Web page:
Angelica Kauffman (1741-1807)
Edited by Bettina Baumgärtel

Angelica Kauffman (1741-1807) was one of the most famous and internationally celebrated artists of the 18th century. The saying „The whole world is angelicamad“ is still currently. Miss Angel was admired from London, Dublin, Florence, Rome and Naples, Paris, Warsaw and St. Petersburg, Weimar to Vienna and she was swarmed as “Female Raphael of the Arts”. She had a double talent for music and Painting, was a very successful businesswoman and she was friend with the celebrities of her time. Winckelmann’s portrait opened her doors, Goethe called her “the best being of the world. It has no concept of such a talent.”  Herder described her as “perhaps the most highly cultured woman in Europe”. She was supported by Batoni and Reynolds, and attracted a fashionable aristocratic clientele, emperors and kings of Europe as Catherine II of Russia, Joseph II of Austria, Maria Karoline of Naples, Stanislaus II Poniatowski of Poland or Ludwig I of Bavaria.

Angelica Kauffman left behind an oeuvre of an estimated 800 oil paintings on canvas or copper, 13 frescos, some 400 drawings, a small number of early pastels, as well as 41 etchings. Many wall, ceiling and mantle decorations in English Historic Houses are erroneously attributed to her; what is more, she did not paint on wood, ivory or porcelain. More than 600 prints were made after her works (dotted manner, mezzotint, etchings, engravings, lithographs, wood engravings, photogravures, phototypes, etc.) as well as innumerable copies, imitations and forgeries, a circumstance which serves as an indication of her continued popularity.

If you are a fan of Angelica Kauffman and want to know more about her life and pictures, the AKRP-Team can give you answers to your questions.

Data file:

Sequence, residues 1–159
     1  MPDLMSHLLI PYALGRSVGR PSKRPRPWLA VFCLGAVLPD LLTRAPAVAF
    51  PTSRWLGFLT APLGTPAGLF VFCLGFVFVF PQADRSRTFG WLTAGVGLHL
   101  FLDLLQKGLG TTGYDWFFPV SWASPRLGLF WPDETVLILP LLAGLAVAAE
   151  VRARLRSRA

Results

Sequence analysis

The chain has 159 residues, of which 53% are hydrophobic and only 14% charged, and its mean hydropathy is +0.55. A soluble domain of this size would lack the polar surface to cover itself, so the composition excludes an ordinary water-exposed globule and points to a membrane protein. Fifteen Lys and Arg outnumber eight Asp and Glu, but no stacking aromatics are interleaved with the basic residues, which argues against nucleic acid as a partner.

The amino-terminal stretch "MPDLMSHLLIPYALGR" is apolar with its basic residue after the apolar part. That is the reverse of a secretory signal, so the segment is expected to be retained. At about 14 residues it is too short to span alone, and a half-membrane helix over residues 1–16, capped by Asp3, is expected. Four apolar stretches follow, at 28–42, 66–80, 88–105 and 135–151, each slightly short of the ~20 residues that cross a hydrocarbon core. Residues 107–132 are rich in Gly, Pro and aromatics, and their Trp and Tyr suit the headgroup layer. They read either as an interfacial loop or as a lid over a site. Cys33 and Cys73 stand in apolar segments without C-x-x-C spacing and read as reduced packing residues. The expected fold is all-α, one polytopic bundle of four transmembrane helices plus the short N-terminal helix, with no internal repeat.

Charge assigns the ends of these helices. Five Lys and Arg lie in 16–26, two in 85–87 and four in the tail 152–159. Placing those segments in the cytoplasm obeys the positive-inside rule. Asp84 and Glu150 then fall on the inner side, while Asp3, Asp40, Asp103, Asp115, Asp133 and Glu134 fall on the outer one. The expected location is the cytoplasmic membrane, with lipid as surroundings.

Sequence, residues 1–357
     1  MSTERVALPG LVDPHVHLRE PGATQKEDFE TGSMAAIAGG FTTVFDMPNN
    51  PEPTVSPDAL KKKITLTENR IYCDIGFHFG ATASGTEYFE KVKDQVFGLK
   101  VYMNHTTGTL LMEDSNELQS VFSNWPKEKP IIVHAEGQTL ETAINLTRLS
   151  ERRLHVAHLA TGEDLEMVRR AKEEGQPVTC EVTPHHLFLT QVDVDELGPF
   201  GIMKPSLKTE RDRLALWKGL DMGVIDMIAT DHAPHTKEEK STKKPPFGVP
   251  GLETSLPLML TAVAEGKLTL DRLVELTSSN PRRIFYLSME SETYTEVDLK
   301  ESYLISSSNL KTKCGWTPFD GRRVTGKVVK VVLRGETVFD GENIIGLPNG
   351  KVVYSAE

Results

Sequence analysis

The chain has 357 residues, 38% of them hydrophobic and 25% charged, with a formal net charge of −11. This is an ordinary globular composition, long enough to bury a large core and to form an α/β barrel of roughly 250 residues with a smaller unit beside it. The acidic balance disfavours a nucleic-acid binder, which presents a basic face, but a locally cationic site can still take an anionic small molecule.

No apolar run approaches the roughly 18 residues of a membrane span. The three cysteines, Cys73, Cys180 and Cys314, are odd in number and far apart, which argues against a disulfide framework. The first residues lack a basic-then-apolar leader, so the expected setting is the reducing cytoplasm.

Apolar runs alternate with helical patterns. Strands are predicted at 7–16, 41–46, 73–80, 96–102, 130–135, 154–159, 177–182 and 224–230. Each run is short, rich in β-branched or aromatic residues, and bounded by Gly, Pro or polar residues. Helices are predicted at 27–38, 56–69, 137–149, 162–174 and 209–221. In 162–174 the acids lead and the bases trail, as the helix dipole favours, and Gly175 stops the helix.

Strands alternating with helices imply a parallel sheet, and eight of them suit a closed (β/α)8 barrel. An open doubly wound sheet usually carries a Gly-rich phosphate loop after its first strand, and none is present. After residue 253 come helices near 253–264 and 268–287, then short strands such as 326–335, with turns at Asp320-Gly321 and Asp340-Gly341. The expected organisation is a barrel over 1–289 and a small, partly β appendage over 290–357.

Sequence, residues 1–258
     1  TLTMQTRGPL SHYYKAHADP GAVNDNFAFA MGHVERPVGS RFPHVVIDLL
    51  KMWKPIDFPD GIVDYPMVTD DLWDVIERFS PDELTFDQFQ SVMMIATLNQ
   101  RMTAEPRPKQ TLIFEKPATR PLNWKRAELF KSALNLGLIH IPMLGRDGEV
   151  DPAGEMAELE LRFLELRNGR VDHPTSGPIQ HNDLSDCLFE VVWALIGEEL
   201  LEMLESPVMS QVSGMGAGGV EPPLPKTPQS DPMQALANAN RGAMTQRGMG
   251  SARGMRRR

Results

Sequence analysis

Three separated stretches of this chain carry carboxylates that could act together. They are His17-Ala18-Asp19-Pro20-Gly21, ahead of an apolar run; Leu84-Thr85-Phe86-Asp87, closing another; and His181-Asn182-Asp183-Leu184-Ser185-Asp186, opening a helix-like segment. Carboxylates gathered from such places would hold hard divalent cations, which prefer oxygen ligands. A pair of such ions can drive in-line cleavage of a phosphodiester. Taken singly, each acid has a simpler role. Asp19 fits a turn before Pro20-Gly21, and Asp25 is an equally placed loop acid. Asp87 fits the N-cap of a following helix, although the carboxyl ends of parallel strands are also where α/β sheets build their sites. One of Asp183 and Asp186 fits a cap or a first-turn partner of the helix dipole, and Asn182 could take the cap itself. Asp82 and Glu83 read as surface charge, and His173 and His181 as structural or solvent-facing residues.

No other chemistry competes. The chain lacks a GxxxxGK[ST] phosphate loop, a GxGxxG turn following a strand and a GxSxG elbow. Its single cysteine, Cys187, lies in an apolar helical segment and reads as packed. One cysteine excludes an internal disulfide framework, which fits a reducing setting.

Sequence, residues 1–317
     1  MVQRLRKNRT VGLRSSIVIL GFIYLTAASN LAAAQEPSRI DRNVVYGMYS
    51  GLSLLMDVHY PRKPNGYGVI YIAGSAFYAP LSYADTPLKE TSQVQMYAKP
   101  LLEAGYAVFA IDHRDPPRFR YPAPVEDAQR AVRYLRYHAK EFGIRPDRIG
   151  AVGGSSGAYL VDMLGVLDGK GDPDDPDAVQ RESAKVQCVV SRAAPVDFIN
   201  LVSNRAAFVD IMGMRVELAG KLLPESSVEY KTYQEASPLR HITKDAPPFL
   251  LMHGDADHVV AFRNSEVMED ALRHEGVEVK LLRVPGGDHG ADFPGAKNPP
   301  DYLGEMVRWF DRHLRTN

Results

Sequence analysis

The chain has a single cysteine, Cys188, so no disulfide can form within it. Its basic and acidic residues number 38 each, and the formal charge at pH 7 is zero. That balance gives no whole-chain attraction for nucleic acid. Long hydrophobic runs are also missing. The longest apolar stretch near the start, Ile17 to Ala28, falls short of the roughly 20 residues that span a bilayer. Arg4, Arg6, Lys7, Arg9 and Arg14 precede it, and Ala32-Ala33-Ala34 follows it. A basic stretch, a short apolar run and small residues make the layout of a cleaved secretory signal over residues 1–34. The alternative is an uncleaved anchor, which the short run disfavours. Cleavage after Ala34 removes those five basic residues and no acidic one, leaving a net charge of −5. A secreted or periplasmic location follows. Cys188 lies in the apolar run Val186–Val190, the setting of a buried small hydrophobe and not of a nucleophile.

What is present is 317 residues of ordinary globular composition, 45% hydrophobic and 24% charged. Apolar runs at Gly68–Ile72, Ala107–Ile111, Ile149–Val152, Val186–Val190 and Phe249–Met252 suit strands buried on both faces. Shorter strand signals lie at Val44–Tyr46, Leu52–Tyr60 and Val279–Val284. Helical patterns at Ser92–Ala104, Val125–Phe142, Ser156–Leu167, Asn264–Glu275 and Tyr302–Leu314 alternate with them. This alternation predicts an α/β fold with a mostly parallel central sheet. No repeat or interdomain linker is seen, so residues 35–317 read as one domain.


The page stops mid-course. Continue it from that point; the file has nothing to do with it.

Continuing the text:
The AKRP-Team explains Kauffman’s paintings, prints and drawings, giving an exciting insight into the research for the catalogue raisonné…


The Angelica Kauffman Research Project – AKRP is an interdisciplinary research project of international and intercultural significance. It was initiated in 1990 under the direction of Bettina Baumgärtel, PhD  [] and is the result of her longstanding research on the life and work of the artist Angelica Kauffman (1741–1807). Baumgärtel has made a name for herself internationally as an expert on Kauffman. Within the framework of the project, the conservator Inken M. Holubec supervises the technological and scientific investigations. Gabriele Ewenz, PhD, literary scholar and archivist, oversees the corpus of source texts by and about Angelica Kauffman.

The aim of the Angelica Kauffman Research Project – AKRP is to sketch an overall picture of the life and work of this artist with a view to the places where she worked and the art and culture of her time. The results of the research are to be made available for use by a wide public through analog and digital media.

The Angelica Kauffman Research Project – AKRP aims to make a contribution to the research and mediation of art and culture in the age of the Enlightenment. It is conceived as part of the interdisciplinary research on the European Enlightenment in the eighteenth century, and of the art and culture of Neoclassicism.

Abb. 3 Siegel der Angelika Kauffmann, Brief an Joseph Anton Metzler, Schwarzenberg, Privatsammlung © Ausst. Kat. In Liebe zum Vaterland, Angelika Kauffmann Museum Schwarzenberg 2008, Umschlagabb., Foto: Robert Fessler, Lauterach
Abb. 3 Siegel der Angelika Kauffmann, Brief an Joseph Anton Metzler

The core of the project is the Kritische Werkverzeichnis Angelika Kauffmann / Catalogue Raisonné Angelica Kauffman of the paintings, drawings and prints of Angelica Kauffmann, to be published for the first time in its entirety in several volumes. It will comprise more than two thousand works by and after Angelica Kauffmann belonging to public and private collections in Europe, including Russia, the U.S. and other countries.

Citation note:
Baumgärtel, Bettina: Angelica Kauffman, in: Angelika Kauffmann Research Project – online, [add date of access here]